- Taking a cruise: A year or longer
- Fly on a plane/stay in a hotel: 4-6 months
- Go out to dinner/take public transit: 2-3 months
- Go to the office: 1-30 days
Is this the right stimulus?
This is an important debate. The Federal Reserve (Fed) is in uncharted territory and is very aggressive in its measures to stimulate the economy. $3 trillion has already been deployed and there is another $3 trillion on the table and talks of $10 trillion total after that. The Fed is putting money into people’s pockets and that is arguably a good place to start because it has an immediate economic impact.
It is also unprecedented that, in the midst of a recession, there is no delinquency issue. Mortgage delinquency rates are lower than they were one year ago.
Bond market – Inflation
When the Fed executes this much deficit spending, it causes an explosion in the money supply, and we’ve seen a 30% annualized growth in the money supply and savings rate. Right now, people are sitting on this money without the means to spend and this causes concern about inflation. Money supply growth has traditionally driven GDP and inflation. But the stock market is sending a different message.
Equity market – trading range
There are only 120 stocks in the S&P 500 this year that are positive and, on the flip side, there are 153 stocks that are down at least 25% and 33 stocks that are down 50%. Looking back at 2008, the market had numerous selloffs and rallies before we eventually started to recover. Today, we had more of a V-shaped recovery – there was a panic sell-off followed by panic buying. Our trading range is between 2800-3200 and this is based on the market being slightly overvalued. It’s also important to bear in mind that when the Fed is easing, stocks typically go up.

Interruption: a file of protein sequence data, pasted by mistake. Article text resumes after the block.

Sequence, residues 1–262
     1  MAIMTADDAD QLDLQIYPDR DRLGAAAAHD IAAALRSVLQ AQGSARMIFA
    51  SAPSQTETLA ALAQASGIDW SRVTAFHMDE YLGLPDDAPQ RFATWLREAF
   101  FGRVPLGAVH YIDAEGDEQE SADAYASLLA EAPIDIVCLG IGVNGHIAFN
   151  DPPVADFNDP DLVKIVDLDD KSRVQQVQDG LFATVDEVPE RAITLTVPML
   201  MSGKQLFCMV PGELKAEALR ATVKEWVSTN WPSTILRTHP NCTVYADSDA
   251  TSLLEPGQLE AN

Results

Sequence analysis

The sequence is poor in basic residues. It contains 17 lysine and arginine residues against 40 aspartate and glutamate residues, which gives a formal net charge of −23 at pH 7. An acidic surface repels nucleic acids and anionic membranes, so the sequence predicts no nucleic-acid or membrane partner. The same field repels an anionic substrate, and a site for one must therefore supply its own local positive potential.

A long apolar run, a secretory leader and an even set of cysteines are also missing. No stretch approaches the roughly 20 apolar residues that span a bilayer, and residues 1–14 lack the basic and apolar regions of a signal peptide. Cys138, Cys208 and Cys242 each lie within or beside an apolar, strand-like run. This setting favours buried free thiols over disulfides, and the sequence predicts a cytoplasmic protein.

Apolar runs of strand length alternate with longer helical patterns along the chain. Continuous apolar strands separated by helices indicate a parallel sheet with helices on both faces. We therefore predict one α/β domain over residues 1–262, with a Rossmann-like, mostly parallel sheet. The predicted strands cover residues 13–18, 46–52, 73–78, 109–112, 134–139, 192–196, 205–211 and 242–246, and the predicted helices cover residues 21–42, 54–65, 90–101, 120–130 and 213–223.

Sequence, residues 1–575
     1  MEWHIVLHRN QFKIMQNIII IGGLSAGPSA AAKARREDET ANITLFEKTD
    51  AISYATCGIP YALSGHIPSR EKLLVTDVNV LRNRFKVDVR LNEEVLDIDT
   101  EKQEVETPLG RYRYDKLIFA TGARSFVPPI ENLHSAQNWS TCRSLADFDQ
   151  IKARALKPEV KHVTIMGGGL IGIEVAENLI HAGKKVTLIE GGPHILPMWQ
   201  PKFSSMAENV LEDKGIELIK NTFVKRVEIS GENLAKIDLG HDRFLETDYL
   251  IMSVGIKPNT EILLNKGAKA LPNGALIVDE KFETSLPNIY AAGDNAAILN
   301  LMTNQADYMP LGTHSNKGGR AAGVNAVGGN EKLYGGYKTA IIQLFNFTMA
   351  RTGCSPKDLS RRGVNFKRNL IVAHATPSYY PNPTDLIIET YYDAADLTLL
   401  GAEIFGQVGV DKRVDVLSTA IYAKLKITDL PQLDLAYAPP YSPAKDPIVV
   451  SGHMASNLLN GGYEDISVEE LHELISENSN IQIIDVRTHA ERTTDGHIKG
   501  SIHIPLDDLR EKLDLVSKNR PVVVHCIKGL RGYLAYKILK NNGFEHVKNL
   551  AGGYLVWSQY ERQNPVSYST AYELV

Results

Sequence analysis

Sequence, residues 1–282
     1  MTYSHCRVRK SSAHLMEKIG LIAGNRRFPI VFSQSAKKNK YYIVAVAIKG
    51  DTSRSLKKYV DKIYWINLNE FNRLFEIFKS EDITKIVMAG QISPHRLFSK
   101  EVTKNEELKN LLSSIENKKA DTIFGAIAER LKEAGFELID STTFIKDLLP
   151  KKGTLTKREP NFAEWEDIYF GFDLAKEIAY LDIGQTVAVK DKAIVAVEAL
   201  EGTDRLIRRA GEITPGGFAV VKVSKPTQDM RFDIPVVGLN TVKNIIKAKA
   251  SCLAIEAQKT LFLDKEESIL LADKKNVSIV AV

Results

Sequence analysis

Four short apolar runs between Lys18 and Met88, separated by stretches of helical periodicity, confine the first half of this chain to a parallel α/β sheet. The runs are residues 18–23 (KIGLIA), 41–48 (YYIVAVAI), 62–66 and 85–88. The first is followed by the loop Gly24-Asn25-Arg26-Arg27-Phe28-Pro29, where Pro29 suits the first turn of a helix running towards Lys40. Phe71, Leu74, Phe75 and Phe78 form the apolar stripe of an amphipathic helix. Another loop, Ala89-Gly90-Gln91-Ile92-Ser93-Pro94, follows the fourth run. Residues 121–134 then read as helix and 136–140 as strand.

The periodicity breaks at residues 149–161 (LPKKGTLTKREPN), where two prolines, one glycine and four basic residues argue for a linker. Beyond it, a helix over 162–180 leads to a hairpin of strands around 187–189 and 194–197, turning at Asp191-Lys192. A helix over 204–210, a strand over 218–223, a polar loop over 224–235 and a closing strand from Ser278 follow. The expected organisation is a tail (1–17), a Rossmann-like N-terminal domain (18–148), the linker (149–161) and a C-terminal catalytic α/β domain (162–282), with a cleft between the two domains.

Risks we are watching
- How does the economy reopen and is it sustainable?
- Will the consumer have confidence when the economy does open?
- Will some businesses be damaged permanently?
- COVID-19 second wave
- Presidential election
We experienced a recession in the first quarter and are now in an economic recovery. Due to the fiscal stimulus and the reopening of the economy, we think we will see positive GDP numbers in Q3 and Q4, depending on consumer confidence.
Fundamentals of the U.S. economy
|Real GDP||2.9%||2.3%||-4.0 to -6.0%||1.8%|
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Statements in this report are based on the opinions of UMB Bank and the information available at the time it was published and are subject to change at any time without notice. This report is provided for informational purposes only and contains no investment advice or recommendations to buy or sell any specific securities.